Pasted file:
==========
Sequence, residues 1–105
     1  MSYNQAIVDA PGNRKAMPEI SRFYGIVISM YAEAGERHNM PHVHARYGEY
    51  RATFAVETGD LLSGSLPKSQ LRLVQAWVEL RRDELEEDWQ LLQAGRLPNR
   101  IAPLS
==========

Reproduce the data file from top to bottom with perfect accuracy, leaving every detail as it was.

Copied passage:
Sequence, residues 1–105
     1  MSYNQAIVDA PGNRKAMPEI SRFYGIVISM YAEAGERHNM PHVHARYGEY
    51  RATFAVETGD LLSGSLPKSQ LRLVQAWVEL RRDELEEDWQ LLQAGRLPNR
   101  IAPLS